You can also start these in trays in the winter by placing seed on surface of soil and lightly covering with sand or vermiculite. If starting indoors you will have to cold treat prior to planting. After your last frost transplant to your garden.

Joe Pye Weed, Spotted (Eupatorium maculatum) – 100 Seeds

This stunning plant has been cultivated and prized for generations for their stature, ease of cultivation and attractive flowers than can seriously add a massive impact to any garden or landscape. This hardy perennial can grow up to 6 foot tall with a crown of bright pink flowers that will definitely draw butterflies and beneficial pollinators into your garden. Named for an 18th century Native American, Joe Pye was used for curing fevers and other sicknesses.

Planting Instructions:
Direct sow in late fall, pressing the seeds into the surface of the soil since they need light to germinate. For spring planting, mix Joe Pye weed wildflower seeds with moist sand and store in the refrigerator for 60 days before direct sowing. To start Eupatorium Maculatum seeds indoors, scatter the seed on the surface of the soil in a flat; compress the soil slightly and keep it lightly moist until germination, which is naturally slow but should take place within 2-3 months. Keep the soil consistently moist, and transplant seedlings as soon as they reach a height of several inches. Keep seedlings watered, since they need even moisture in their first year of development; they may not bloom until their second year of growth. Mature plants can tolerate drought, though they reach their full potential in moist, well-drained soil. This plant may spread by rhizomes and self-seeding, and can be divided after several years of growth. Cut the plant down to the ground after the first frost. This plant attracts butterflies and bees.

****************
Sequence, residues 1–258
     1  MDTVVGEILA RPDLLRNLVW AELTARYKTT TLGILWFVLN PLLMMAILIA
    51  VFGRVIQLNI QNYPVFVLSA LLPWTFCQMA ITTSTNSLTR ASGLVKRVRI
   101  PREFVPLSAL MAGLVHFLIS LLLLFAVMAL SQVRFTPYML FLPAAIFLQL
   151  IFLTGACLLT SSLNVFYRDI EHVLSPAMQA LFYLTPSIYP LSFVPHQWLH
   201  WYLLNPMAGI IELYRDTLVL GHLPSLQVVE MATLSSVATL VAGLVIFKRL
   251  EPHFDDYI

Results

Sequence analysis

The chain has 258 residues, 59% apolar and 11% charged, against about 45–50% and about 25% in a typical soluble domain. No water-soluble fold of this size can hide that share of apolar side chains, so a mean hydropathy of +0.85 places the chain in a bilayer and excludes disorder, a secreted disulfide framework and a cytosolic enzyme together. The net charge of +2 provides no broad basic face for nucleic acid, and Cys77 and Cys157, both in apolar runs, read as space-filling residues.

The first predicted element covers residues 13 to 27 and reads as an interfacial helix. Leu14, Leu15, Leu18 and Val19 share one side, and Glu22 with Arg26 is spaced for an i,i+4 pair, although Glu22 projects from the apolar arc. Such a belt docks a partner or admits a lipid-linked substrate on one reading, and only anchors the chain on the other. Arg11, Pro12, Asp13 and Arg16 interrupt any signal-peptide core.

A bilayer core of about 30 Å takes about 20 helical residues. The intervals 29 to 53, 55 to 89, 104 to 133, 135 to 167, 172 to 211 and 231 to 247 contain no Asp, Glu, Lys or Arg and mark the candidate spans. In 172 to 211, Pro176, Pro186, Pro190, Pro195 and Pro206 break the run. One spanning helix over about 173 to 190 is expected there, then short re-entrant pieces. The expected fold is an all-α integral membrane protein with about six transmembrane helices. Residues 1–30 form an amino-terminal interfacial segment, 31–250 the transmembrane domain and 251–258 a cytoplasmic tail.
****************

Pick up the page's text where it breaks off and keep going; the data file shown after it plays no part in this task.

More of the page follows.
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•Growing instructions included on each seed packet.